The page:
Everyday Workin'
Loads .44 Special


The Oregon Trail Laser Cast 240 SWC shoots every bit as good as carefully home cast bullets.

Whether we travel the sagebrush, foothills, forests, or mountains there are .44 Special loads that will handle any situation we’re likely to encounter.

Why the .44 Special? A better question would be, why not? For the vast majority of us, the .44 Special will do everything needing doing with the sixgun. We’re not looking for long-distance hunting or max power. In other words, a load comparable to the black powder .45, with a 250-gr. bullet at 900 fps left little to be desired.

Whether a Perfect Packin’ Pistol 4" S&W-style is fancy or plain it still serves the purpose.

Keith bullets from H&G, Lyman, NEI and RCBS loaded in .44 Special brass.

Keith Rules

My standard choice for loading the .44 Special is what’s normally known as the Keith bullet. There are many bullet designs bearing the name Keith, but a semi-wadcutter design does not make it a “Keith” bullet. Elmer laid down specific specifications for a bullet bearing his name: three equally sized full caliber driving bands, a deep crimping groove between the middle and top bands, a large grease groove between the middle and bottom bands and a flat bottom with no bevel.

Since I cast my own, I have a choice of H&G #503, Lyman #429421, NEI #260.429 and the RCBS #44-250KT bullets. Using wheel weight alloy, they weigh approximately 255–260 grains. I recently read the .44 Special cast bullet is standardized at 0.430″. This is definitely not the case if you’re looking for accuracy. I have .44 Specials whose chamber throats are as tight as 0.427″ and as large as 0.433″, and I just took possession of a Spanish copy of the old S&W Triple-Lock with 0.437″ throats. Trying to make a 0.430″ bullet work for all of these would be an exercise in futility.

John’s Secret Recipes

My standard loads are assembled with 7.5 grains of either Unique or Universal, 17.5 grains of #4227, or 8.0 grains of Power Pistol. Depending upon barrel length, sixgun and bullet, these loads will be in the 900 to 1,000 fps range. They’re certainly capable of doing everything we expect the sixgun to do. If I’m looking for a little more velocity, I go with the Lyman/Thompson #429215GC that lubed, sized and gas checked weighs around 220 grains. For this bullet 8.5 grains of Unique results in 980 fps in a 4″ barreled S&W while 15.5 grains of #2400 goes up to 1,140 fps. With a 51/2″ barreled sixgun, 9.0 grains of Unique is just under 1,200 fps.

For those who don’t cast, check out the Oregon Trail Laser Cast 240-gr. SWC. This is not a true Keith bullet and even has a bevel base, however it shoots well. With 6.0 grains of Unique and a 51/2″ sixgun the result is a very pleasant shooting, and accurate, load of 825 fps. That’s slightly more than the original .44 Special loading from more than a hundred years ago. Going up to my standard load of 7.5 Unique registers just over 1,000 fps from a 4″ S&W Model 1950.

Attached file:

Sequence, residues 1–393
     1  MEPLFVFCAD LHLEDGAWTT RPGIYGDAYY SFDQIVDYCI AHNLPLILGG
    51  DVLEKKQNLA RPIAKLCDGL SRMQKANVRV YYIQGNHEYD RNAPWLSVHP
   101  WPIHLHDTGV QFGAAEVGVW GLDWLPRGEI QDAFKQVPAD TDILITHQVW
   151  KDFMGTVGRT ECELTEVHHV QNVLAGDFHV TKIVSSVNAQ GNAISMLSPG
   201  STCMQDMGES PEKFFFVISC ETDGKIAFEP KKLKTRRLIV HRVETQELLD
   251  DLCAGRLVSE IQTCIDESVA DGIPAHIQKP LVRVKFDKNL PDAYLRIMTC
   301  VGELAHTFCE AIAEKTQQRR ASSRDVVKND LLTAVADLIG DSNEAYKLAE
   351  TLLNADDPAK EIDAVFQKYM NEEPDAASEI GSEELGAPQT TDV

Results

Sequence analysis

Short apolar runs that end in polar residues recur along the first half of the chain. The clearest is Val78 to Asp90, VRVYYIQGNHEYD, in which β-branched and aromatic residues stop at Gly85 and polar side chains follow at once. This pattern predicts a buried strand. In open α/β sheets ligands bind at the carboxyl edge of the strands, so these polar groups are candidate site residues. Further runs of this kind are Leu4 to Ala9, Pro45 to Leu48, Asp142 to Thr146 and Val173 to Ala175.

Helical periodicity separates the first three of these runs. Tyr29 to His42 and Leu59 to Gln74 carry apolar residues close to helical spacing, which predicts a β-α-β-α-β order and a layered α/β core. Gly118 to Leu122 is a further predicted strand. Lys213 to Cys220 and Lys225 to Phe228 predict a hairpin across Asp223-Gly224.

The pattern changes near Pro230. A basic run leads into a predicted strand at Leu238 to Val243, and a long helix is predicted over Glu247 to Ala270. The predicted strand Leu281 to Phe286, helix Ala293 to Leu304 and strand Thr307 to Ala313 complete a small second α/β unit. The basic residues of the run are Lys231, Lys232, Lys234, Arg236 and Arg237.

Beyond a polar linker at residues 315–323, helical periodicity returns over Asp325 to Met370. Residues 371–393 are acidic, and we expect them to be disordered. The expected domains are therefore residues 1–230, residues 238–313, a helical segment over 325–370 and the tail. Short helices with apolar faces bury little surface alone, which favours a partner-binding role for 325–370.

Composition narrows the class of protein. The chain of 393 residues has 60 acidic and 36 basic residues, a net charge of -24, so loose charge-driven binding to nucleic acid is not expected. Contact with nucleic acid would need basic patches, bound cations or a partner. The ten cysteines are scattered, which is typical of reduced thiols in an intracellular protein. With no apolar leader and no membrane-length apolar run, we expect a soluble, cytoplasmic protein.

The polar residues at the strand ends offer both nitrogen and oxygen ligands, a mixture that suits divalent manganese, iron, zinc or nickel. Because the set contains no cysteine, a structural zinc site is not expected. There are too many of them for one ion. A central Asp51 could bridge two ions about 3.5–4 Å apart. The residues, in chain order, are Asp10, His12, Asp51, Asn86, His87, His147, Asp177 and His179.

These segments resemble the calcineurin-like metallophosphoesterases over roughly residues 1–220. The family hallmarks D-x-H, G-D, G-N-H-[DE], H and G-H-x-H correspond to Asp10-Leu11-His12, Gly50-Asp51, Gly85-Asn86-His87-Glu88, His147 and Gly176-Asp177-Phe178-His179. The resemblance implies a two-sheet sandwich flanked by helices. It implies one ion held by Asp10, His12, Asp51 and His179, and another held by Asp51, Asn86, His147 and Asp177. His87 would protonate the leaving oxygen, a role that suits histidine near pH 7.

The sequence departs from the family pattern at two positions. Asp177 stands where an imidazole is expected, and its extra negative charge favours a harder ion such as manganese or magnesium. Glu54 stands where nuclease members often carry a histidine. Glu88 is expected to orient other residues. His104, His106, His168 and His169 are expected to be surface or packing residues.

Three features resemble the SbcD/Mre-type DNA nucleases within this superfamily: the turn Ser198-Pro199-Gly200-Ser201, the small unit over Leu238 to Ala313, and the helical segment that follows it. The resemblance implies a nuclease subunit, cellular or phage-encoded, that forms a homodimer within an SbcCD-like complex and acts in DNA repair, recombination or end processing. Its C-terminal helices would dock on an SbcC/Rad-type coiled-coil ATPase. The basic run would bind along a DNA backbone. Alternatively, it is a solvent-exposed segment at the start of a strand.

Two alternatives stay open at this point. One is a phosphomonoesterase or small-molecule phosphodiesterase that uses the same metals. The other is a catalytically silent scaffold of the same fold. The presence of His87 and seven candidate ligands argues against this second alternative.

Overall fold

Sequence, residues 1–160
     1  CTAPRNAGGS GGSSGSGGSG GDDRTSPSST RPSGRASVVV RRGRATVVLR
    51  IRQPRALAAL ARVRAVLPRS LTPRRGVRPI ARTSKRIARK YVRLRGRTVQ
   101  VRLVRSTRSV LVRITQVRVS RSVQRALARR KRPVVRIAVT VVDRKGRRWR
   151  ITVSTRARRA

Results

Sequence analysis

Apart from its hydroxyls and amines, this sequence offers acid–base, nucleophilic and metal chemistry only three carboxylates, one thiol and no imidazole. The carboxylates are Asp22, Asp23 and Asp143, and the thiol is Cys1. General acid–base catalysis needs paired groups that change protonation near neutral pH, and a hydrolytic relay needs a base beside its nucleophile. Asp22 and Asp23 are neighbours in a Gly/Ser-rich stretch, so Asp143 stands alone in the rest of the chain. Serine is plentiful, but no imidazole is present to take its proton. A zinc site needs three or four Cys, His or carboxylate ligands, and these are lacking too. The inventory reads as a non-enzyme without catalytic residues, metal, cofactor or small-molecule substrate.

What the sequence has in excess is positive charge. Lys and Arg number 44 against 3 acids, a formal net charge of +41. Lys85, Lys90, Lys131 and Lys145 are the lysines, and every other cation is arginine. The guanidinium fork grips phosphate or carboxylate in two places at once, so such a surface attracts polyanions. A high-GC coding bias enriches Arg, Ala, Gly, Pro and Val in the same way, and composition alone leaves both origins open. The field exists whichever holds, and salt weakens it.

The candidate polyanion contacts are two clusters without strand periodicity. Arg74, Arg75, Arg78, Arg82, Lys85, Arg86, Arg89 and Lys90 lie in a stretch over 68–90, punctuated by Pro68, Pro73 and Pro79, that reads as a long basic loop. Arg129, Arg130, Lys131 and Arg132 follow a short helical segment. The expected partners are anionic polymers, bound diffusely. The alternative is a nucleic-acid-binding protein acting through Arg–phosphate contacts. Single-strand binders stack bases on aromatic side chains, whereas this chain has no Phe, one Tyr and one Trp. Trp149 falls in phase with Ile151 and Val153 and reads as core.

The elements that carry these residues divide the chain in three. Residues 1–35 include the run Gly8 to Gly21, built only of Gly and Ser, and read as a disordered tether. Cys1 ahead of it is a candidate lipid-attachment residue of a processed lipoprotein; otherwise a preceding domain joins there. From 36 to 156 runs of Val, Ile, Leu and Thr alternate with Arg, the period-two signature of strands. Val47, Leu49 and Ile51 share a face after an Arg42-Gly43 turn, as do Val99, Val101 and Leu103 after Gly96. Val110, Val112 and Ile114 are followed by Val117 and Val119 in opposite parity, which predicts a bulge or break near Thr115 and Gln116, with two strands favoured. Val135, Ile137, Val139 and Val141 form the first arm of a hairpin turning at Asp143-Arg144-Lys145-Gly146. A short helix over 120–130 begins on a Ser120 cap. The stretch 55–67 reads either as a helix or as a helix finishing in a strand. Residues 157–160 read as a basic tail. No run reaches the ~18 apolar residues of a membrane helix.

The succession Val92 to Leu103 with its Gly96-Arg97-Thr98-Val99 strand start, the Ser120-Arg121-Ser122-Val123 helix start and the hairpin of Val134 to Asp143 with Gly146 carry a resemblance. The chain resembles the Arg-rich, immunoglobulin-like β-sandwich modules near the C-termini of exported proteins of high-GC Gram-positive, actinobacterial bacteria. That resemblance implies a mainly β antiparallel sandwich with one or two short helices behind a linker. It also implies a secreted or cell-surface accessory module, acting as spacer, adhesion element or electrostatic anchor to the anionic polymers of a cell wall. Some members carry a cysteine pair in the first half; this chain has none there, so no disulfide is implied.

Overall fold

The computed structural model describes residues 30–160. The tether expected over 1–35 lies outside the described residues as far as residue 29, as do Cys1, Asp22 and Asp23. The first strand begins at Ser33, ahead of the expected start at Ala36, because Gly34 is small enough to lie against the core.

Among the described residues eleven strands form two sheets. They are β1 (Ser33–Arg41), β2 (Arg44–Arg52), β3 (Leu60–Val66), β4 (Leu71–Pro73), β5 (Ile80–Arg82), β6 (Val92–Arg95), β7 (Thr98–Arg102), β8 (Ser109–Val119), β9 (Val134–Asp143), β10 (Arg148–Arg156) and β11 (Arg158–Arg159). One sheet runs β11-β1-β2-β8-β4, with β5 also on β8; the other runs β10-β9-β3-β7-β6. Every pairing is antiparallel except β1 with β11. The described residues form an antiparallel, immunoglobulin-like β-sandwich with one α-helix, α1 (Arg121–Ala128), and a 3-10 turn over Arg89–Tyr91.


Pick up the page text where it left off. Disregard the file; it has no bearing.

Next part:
Speer offers the perfect .44 Special jacketed bullet. The 225-gr. SWC-HP is one of the first “jacketed” bullets offered by Speer nearly 50 years ago. It’s a natural outgrowth of half-jacketed bullets, and unlike traditional jacketed bullets, consists of a full-length copper cup with a lead core. I push this with 16.3 grains of #2400 yielding 1,217 fps from a 51/2″ barrel. Either 17.0 grains of #4227 or 8.5 grains of Unique will give right around 1,000 fps. Using standard weight 240-gr. jacketed bullets from Hornady, Sierra, or Speer with any of my first mentioned standard load powders result in slightly slower velocities than cast bullets, giving right around 900 fps from a 51/2″ barrel.

You will notice the standard Keith load is conspicuous by its absence. I do use it from time to time, however it’s more than I want for an everyday workin’ load at 1,200 fps with a 260-gr. bullet. Instead of using it in my lighter weight .44 Special sixguns, I mostly use it in .44 Magnums.

The idea of .44 Special for Everyday Workin’ Loads is a relatively lightweight sixgun, around 1/2 lb. less than a comparable .44 Magnum, and also less recoil while still being more than adequate for any situation which should arise. For me, the .44 Special and the above loads fit the bill nicely.

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